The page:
Natural Sugar Substitutes

Natural Sugar Substitutes include such things as fruit juices, honeys or maple syrup. These products can be used in a Smoothie instead of straight sugar of some kind.

Generally the sugar from the fruit itself is enough to flavor the smoothie.

Many people like their smoothies “au natural”, meaning they enjoy experiencing the taste of the blended raw ingredients without adding anything that might mask their purity.

While I agree that the unadulterated flavors of fresh vegetables can sometimes be nice, there are limits. After all, we are trying to be healthy, not punish our taste buds with bitter concoctions of nutritious, yet sometimes unpalatable, greens and berries.

Luckily, improving the taste of your smoothie doesn’t have to affect its nutritional value. There are a variety of ways to sweeten smoothies, including a range of natural sugar substitutes.

For those who want to experience all the benefits of super-healthy green smoothies, but are not particularly keen on the idea drinking blended spinach, kale or parsley; this should come as a welcome bit of information. Natural sugar substitutes can also even provide additional health benefits.

As most of you probably know, refined sugars are known to have several detrimental effects on human health, including contributing to obesity, tooth decay and coronary heart disease.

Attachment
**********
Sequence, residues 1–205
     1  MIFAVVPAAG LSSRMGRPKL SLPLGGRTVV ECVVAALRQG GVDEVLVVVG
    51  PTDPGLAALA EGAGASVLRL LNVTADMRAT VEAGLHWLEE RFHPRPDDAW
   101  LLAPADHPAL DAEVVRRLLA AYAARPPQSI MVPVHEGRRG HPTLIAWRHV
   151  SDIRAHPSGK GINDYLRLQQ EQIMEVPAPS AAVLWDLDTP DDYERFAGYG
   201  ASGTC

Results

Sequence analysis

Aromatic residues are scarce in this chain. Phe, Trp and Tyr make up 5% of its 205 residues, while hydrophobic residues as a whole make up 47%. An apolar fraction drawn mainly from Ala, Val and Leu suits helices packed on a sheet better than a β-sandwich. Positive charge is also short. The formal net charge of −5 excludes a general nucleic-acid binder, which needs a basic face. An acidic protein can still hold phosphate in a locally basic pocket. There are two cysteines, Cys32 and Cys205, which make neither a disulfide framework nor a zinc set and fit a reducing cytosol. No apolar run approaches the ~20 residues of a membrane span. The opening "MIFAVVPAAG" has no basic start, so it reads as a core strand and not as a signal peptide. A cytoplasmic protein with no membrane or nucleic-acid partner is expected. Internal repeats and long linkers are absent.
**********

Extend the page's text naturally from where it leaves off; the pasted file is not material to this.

A high level of sugar consumption – something very common among modern western eating habits – has also been linked to an acceleration of the aging process. Many health professionals champion the use of unrefined sugars – or natural sugar substitutes – as healthier alternatives to the empty calories present in common table sugar or high fructose corn syrup.

The most natural way to sweeten up a smoothie is to use sweet fresh fruit. Ripe apples, bananas, mangos, pineapples, grapes, peaches or strawberries are some of the best natural sugar substitutes.

Not only do they improve the taste of your smoothies, but they also add important dietary fiber, antioxidants, vitamins and minerals. For thicker smoothies, ripe bananas are a personal favorite of mine, while I prefer sweet apples when I’m in the mood for a lighter, more refreshing smoothie.

Apples and grapes are also quite neutral and add sweetness without overpowering or clashing with other ingredients in your smoothies.

Smoothies can also be sweetened with fresh fruit juice. Again, apple and grape are the most neutral, while pineapple or orange juice can both add a welcome “zing” to some green smoothies.

Dried fruits are another great way to go. Sun dried dates are a great option due to their great sweetness and high levels of potassium, calcium and magnesium.

However, dates are also quite high in calories and therefore may not be the best natural sugar substitute for weight loss smoothies. Other recommended dried fruits include raisins, currants, figs and apricots.

Those who still want that “sugar” taste might want to try unrefined natural sweeteners like raw unfiltered honey, maple syrup or molasses.

Whole cane sugars like Sucanat (dried cane juice) and muscovado also contain less sucrose and more nutritional value than processed white sugars.

Maple syrup contains manganese, zinc, potassium and calcium, while “blackstrap” molasses provides up to 20% of the recommended daily allowances of calcium, magnesium, iron and potassium in just one tablespoon.

So you see you don’t have to drink something that disagrees with your palate, just because it’s healthy.

There are a variety of natural sugar substitutes available, which provide delicious and healthy ways to sweeten up your smoothies!

Julia
 

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